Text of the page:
Heat transport, and polar amplification identified in my comment above are not understood, and yet they play a major part in current AGW scenarios.

Accurate records started in 1979. Prior to that we have a global indication only. End of story.
Regards

Last edited 17 days ago by Martin Cropp
Aleksandr Zhitomirskiy
June 2, 2021 10:06 am

 Since we are talking about the results of statistical processing of temperature values, it is useful to recall the basic rules of statistics. 1. Rule of significant digits. For any arithmetic operation (in this case, addition and division to average the result), the number of significant digits in the result cannot be more than in the original values. The accuracy of temperature measuring instruments is 0.2-0.33 ° C (https://wattsupwiththat.com/2010/03/09/accuracy-of-climate-station-electronic-sensors-not-the-best/). Taking into account the temperature fluctuations within the region represented by this meteorological station, the accuracy of the initial temperature value is unlikely to be higher than 0.5 ° C, so in the end result the values of tenths of a degree, not to mention hundredths, are doubtful. 2. It makes no sense to discuss any results of statistical calculations without assessing their reliability. The statistical error is usually characterized by the value of the standard deviation (σ)and the error in the confidence interval of 95% ( ε). For example, NOAA takes as the base (zero) value of the temperature anomaly its average value over 100 years (1900 — 1999).( https://www.ncdc.noaa.gov/cag/). The calculation of the statistical error of this value gives: σ = 0.09 оС, ε = 0.06 о. In light of this, how reliable is the value of 0.08 ° C in the title of the article? 3. The reliability of the linear trend in the value, along with the slope itself, is characterized by the correlation coefficient. By the way, the values of the global temperature deviation given in the article for 17 months show a decrease in temperature from January 2020 to May 2021: the slope coefficient is -0.027, the correlation coefficient is -0.805.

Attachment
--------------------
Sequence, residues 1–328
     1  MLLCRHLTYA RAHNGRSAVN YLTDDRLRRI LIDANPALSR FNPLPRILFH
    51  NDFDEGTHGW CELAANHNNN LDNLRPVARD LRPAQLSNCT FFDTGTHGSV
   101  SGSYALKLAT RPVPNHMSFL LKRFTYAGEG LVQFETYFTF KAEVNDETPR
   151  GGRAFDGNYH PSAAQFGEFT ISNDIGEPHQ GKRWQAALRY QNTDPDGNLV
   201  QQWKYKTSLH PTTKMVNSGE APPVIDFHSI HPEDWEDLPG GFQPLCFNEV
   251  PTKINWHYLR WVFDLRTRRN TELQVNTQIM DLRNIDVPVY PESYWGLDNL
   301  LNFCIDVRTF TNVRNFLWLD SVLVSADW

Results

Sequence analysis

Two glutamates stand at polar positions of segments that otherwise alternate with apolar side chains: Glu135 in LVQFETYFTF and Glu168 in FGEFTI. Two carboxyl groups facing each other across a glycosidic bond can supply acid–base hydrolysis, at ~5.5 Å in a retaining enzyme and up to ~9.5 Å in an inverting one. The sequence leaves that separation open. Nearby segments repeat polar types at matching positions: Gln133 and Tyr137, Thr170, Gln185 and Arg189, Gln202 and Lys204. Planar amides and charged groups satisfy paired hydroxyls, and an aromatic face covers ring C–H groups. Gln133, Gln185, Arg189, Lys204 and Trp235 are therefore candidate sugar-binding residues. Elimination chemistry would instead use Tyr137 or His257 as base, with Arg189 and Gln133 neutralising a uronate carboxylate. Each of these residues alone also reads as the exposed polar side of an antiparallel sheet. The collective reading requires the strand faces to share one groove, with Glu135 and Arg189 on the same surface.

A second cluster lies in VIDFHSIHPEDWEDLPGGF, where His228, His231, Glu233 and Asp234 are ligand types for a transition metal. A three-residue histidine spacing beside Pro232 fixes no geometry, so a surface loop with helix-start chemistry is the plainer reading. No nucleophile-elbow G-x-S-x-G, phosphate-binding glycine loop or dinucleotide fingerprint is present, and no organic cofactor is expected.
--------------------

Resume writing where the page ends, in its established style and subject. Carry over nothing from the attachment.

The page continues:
TheFinalNail
Reply to  Aleksandr Zhitomirskiy
June 2, 2021 11:04 am

The accuracy of temperature measuring instruments is 0.2-0.33 ° C…